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MARCH 5, 2003
11:36 AM
CONTACT:  American Public Health Association
(202) 777-2501

American Public Health Association Joins Call to Cover Uninsured;
Prevalence of Uninsured More Widespread Than Previously Thought

WASHINGTON - March 5 - Findings released today at the launch of Cover the Uninsured Week indicate that an estimated 75 million people lacked health insurance at some point during the past two years. The study suggests that being uninsured is far more common than previously thought, affecting roughly one in four Americans.

"The findings are shocking and show just how deeply lack of access to health care touches all Americans," said Georges C. Benjamin, MD, FACP, executive director of the American Public Health Association (APHA), a national sponsor of Cover the Uninsured Week, which will be held March 10-16, 2003. "The health and economic toll of this epidemic of the uninsured is staggering for the individual, the family and the community."

People without health insurance don't get routine preventive health services, receive too little medical care too late, are sicker and die sooner, and receive poorer care when they are hospitalized. Also, when seeking care, they are often sicker and therefore more expensive to treat, and they frequently turn to the nearest hospital emergency room, which is an expensive and inefficient way to get care.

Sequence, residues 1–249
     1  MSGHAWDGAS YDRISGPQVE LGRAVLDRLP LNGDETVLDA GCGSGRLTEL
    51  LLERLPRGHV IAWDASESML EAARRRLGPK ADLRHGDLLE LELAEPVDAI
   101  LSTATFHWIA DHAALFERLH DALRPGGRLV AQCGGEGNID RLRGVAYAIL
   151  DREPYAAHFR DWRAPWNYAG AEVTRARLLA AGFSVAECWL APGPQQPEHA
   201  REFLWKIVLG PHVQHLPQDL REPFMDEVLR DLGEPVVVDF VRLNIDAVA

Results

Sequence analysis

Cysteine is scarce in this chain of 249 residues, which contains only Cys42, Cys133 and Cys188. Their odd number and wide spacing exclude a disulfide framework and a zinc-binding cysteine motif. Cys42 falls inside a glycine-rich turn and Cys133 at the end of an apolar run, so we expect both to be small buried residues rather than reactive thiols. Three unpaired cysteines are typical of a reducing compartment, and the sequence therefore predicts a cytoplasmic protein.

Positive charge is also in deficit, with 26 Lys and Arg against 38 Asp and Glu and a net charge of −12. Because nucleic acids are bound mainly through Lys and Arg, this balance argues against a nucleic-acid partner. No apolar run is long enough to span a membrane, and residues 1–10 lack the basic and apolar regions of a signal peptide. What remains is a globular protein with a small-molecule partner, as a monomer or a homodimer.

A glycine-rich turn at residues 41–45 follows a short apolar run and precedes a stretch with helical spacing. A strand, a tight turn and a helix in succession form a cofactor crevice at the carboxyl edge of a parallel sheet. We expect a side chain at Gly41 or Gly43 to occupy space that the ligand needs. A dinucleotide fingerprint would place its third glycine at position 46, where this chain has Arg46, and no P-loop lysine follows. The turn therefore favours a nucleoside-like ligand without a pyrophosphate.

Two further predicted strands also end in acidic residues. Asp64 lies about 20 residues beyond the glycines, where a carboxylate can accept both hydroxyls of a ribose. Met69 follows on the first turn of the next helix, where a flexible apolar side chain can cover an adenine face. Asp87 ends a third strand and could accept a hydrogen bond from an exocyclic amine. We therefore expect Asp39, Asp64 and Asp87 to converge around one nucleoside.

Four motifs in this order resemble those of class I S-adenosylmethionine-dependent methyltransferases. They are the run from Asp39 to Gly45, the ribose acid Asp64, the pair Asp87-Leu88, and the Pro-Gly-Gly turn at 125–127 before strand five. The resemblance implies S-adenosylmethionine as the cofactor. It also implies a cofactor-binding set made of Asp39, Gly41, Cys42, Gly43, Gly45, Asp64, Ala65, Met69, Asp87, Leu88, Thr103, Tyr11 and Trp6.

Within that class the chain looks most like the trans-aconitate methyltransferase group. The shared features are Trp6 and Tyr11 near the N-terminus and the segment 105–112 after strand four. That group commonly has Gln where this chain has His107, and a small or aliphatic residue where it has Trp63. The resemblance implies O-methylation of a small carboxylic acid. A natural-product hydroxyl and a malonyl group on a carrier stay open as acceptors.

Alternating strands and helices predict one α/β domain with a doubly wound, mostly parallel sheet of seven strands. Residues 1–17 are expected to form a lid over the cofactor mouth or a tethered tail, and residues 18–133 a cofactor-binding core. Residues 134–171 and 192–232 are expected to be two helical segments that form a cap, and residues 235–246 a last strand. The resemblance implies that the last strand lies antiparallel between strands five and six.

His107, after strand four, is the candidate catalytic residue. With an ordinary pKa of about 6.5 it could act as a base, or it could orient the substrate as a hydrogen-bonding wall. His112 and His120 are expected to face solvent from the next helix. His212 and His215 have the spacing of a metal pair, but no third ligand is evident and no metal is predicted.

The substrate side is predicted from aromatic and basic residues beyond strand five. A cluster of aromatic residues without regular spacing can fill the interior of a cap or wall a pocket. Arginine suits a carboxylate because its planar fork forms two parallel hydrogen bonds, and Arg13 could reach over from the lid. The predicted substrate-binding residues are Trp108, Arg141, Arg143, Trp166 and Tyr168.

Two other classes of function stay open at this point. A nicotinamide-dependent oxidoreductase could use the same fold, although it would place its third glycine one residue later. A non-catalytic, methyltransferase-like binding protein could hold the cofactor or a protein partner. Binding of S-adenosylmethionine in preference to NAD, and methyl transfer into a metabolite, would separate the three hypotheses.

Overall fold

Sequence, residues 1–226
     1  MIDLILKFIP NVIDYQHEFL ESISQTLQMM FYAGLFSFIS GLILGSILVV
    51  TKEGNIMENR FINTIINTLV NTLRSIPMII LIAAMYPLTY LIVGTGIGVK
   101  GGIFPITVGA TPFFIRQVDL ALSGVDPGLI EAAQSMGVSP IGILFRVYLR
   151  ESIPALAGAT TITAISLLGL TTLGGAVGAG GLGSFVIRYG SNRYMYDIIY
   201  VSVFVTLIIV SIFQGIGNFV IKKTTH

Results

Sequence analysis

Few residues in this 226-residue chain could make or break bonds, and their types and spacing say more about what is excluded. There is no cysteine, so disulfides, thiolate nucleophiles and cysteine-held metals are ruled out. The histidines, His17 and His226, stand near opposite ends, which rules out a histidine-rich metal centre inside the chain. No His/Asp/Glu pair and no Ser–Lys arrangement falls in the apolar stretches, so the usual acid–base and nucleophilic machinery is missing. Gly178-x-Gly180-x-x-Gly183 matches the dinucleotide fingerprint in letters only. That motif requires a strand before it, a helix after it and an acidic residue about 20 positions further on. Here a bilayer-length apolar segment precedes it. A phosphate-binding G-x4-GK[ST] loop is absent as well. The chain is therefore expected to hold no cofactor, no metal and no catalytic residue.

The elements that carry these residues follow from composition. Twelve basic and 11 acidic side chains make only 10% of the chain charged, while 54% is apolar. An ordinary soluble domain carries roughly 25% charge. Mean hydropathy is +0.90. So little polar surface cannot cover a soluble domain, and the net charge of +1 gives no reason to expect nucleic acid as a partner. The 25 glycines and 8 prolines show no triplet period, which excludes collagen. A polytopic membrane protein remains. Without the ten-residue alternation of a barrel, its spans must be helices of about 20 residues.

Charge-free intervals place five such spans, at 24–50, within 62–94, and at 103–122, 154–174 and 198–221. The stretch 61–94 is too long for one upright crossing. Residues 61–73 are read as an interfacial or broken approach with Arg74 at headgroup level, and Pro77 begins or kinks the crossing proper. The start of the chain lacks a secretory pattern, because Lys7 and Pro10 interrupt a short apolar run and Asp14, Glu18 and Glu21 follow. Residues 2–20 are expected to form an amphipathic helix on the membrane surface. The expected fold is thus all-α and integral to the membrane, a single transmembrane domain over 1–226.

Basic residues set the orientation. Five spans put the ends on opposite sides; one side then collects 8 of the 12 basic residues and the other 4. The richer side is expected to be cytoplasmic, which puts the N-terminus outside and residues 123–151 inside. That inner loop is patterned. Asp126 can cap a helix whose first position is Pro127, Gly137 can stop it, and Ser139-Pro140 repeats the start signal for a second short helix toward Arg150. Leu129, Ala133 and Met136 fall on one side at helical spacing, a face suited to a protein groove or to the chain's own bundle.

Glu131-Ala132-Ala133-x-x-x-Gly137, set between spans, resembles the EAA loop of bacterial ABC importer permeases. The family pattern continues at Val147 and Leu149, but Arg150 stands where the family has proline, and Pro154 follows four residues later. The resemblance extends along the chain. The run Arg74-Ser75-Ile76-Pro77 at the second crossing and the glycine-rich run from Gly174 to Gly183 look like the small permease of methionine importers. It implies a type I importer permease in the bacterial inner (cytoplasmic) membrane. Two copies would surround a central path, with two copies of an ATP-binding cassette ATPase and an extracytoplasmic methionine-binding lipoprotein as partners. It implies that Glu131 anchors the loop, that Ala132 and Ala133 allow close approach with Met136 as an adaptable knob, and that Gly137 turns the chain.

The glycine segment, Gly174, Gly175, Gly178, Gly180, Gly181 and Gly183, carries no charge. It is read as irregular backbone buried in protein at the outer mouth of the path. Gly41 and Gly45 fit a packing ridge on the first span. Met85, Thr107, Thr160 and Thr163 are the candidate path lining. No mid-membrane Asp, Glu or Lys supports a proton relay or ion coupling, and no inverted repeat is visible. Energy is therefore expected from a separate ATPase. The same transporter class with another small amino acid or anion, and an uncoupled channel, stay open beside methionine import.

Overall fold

Furthermore, the primary providers of care to the uninsured, such as public hospitals, teaching hospitals, academic health centers and non-profit community hospitals, incur heavy losses from high rates of uncompensated care. In turn, these providers are forced to cut back on their services to all patients or even close their facilities.

"The widespread lack of access to care is one of the major causes of racial and ethnic health disparities," said Jay Glasser, PhD, MS, president of APHA and chair of APHA's Universal Health Care Task Force. "Lack of health insurance is a serious financial barrier for many minority families contributing to lower health status."

The current economic downturn, combined with double-digit inflation of health care costs, make health insurance increasingly unaffordable. As a result, the number of uninsured Americans is expected to rise.

To address the growing crisis of the uninsured, APHA issued 14 points on universal health care, available at Included among these points is a call for the following:

-- Universal coverage for everyone in the United States with comprehensive benefits, affordable prices and quality services;

-- Organization and administration of health care through publicly accountable mechanisms to assure maximum responsiveness to public needs, with a major role for federal, state and local government health agencies; and

-- Attention in the organization, staffing, delivery and payment of care to the needs of all populations, including those confronting geographic, physical, cultural, language and other non-financial barriers to service.


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